In the light and medium tactical segment Airbus Defence and Space is the world-leader through its models CN235 and C295, now including winglets in its C295 model so it can transport more payload to a longer distance with around a 4% fuel savings . The operational qualities built into all these aircraft make them not only the most capable machines for typical military missions, but also give them the versatility to undertake that growing group of non-defence tasks that may be described as “civic” missions. Over 400 of all versions of CN-235/C-295 are in service and have accumulated more than 500,000 flight hours. Its largest user is Turkey, which has 59 aircraft.
The CASA/IPTN CN-235 is a medium-range twin-engined transport aircraft that was jointly developed by CASA (now part of Airbus Military.) and Indonesian manufacturer IPTN, as a regional airliner and military transport. Its primary military roles include maritime patrol, surveillance, and air transport. The project was a joint venture between Construcciones AeronÃ¡uticas SA (CASA) and Indonesian Aerospace (PT. Dirgantara Indonesia), formerly known as IPTN, which formed Airtech International to manage the programme. The partnership applied only to the Series 10 and Series 100/110, with later versions being developed independently.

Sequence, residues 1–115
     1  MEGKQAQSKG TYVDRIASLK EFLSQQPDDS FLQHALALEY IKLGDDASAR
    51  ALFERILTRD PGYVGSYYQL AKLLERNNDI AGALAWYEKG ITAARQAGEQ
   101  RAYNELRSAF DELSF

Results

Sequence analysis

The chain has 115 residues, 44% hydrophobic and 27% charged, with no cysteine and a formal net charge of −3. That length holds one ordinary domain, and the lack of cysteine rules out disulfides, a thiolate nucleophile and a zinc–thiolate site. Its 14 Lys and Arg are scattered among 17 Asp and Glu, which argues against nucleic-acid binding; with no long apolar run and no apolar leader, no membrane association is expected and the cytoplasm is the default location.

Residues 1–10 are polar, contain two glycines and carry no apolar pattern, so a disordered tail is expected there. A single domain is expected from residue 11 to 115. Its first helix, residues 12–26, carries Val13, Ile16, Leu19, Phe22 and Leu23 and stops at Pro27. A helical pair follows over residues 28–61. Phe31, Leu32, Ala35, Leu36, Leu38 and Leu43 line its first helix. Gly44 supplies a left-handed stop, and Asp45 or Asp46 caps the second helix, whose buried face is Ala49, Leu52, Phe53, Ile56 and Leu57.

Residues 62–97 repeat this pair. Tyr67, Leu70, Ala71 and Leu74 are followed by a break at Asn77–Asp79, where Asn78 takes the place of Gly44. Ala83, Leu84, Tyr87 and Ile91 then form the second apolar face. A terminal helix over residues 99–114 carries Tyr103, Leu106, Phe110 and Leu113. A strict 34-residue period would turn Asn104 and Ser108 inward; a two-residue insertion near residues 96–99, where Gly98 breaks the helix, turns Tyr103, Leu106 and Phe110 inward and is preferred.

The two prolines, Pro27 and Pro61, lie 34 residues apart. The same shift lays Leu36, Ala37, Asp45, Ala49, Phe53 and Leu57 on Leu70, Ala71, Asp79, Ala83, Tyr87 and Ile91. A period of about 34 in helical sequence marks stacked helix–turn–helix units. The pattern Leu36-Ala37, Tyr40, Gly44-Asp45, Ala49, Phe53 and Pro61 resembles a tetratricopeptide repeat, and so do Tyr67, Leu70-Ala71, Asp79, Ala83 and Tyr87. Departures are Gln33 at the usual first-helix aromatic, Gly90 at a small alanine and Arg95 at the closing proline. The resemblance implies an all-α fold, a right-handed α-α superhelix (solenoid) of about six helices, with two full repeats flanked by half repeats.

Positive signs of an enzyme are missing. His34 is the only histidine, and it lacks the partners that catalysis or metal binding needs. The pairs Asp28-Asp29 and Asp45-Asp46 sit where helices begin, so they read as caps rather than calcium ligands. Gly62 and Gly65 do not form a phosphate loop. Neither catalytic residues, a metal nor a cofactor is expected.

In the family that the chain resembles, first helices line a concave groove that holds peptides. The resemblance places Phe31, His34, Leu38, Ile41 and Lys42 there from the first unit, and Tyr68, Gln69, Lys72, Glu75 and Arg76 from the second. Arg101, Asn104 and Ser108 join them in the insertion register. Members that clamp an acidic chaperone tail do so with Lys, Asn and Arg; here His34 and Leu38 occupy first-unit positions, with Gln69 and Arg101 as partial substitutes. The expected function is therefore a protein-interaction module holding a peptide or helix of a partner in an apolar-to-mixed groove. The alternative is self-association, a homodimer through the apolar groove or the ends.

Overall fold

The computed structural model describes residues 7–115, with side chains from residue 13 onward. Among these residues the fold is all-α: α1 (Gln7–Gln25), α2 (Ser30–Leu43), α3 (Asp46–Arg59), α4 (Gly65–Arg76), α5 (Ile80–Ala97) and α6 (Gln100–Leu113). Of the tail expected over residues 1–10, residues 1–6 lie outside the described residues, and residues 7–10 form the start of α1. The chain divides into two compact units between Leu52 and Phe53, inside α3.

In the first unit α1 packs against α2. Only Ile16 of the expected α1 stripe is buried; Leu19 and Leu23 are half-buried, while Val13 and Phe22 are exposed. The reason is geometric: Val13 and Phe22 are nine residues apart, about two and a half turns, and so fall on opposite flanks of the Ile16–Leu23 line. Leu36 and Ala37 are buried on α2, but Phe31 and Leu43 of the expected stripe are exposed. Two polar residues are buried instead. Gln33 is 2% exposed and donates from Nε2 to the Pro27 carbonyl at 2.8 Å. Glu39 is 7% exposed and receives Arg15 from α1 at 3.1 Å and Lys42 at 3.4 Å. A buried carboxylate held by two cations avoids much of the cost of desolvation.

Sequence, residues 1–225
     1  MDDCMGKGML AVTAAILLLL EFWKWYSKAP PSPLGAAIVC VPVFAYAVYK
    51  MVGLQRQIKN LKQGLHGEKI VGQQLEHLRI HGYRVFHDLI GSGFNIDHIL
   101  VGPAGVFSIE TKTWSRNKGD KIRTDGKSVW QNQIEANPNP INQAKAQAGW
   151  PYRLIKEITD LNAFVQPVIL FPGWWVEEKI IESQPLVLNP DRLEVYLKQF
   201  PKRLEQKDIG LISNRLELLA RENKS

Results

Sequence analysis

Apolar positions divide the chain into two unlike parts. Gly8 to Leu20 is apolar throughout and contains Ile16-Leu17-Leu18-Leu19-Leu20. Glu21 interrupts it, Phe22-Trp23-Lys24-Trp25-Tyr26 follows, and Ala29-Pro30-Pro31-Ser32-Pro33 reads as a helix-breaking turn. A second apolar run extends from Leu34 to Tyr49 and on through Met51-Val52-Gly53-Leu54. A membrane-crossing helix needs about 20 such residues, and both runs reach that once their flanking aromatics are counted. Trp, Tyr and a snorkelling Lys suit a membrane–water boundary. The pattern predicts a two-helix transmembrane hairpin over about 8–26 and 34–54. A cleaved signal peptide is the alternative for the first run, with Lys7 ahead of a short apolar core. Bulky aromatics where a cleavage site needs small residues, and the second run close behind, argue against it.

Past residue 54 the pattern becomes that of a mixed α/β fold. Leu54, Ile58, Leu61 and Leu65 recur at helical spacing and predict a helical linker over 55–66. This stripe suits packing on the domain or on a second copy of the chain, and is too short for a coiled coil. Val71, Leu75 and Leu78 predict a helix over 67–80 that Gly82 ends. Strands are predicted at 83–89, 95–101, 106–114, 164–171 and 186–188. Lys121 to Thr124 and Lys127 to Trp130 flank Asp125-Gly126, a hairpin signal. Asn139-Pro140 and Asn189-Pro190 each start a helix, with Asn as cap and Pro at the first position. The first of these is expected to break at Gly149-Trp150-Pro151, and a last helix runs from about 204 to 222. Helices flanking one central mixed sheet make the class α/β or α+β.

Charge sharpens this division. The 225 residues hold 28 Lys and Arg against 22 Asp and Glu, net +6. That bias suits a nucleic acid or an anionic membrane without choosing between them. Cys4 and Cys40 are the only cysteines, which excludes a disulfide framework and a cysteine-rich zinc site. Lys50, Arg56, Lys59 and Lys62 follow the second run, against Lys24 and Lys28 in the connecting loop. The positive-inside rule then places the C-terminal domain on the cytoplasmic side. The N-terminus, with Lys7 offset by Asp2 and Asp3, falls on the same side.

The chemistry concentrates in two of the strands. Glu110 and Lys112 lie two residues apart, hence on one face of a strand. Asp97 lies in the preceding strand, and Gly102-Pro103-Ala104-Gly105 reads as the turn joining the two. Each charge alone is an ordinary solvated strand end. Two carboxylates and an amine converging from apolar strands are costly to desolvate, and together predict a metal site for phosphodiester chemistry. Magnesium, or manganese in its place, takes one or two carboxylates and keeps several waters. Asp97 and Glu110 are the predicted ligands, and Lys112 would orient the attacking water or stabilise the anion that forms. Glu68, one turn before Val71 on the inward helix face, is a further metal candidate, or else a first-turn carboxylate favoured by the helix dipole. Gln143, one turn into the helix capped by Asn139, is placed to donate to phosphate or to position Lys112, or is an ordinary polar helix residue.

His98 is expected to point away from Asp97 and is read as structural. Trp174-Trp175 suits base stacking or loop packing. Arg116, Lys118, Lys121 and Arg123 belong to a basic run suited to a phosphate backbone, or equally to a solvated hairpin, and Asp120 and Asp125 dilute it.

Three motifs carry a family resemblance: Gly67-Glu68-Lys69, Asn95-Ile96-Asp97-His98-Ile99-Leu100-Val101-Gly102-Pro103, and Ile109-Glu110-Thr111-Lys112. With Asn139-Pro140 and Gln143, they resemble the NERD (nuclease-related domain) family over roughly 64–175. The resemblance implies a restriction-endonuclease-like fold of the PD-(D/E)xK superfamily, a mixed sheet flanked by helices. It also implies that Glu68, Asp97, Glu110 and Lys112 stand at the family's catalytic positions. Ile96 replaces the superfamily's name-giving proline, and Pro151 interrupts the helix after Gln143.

The EADS CASA C-295 is a twin-turboprop tactical military transport aircraft, and is currently manufactured by Airbus Defence and Space in Spain. The C-295 is manufactured and assembled in the Airbus Military facilities in the San Pablo Airport, in Seville, Spain. It is a development of the Spanish â€“ Indonesian transport aircraft CASA/IPTN CN-235, but with a stretched fuselage, 50% more payload capability and new Pratt & Whitney Canada PW127G turboprop engines. The C-295 made its maiden flight in 1998. The first order came from the Spanish Air Force.
There are several enhancements to the base C-295 design, changes included the adoption of winglets and an ability to carry the Marte anti-ship missile; a dedicated airborne early warning and control variant was also planned. Airbus was in the process of developing a new hose-and-drogue in-flight refuelling rig to be optionally installed in the centerline of the C295, this capability is being promoted for the aerial refuelling of combat helicopters, initial ‘dry’ flight tests are scheduled later in the year; Airbus is also performing flap optimisations and other modifications upon the type for extreme takeoff and vertical landing capabilities.